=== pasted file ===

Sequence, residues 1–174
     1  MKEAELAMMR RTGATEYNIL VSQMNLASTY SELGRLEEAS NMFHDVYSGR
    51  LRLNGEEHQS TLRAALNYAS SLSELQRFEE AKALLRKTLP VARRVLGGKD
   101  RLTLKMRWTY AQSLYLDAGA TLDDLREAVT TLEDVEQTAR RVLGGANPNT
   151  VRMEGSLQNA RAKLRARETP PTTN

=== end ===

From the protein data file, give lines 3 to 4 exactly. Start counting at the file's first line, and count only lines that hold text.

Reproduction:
    51  LRLNGEEHQS TLRAALNYAS SLSELQRFEE AKALLRKTLP VARRVLGGKD
   101  RLTLKMRWTY AQSLYLDAGA TLDDLREAVT TLEDVEQTAR RVLGGANPNT